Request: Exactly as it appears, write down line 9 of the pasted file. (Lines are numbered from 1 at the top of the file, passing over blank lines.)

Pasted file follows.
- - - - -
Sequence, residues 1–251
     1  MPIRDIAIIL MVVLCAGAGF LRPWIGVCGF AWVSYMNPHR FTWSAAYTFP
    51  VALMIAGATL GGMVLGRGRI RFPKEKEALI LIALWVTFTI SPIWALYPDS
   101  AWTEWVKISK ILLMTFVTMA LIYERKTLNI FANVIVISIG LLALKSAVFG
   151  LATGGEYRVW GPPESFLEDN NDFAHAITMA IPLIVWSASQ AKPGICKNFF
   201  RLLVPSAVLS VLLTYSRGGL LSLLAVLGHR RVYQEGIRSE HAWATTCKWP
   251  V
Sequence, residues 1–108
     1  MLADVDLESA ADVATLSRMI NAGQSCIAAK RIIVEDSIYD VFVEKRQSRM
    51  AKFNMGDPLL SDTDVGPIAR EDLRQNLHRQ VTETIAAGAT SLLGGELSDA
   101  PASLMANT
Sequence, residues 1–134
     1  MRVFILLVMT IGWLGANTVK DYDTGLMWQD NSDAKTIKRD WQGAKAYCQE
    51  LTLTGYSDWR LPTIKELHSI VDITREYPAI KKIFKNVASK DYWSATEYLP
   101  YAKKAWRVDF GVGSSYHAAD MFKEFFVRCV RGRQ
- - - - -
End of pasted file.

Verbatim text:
     1  MLADVDLESA ADVATLSRMI NAGQSCIAAK RIIVEDSIYD VFVEKRQSRM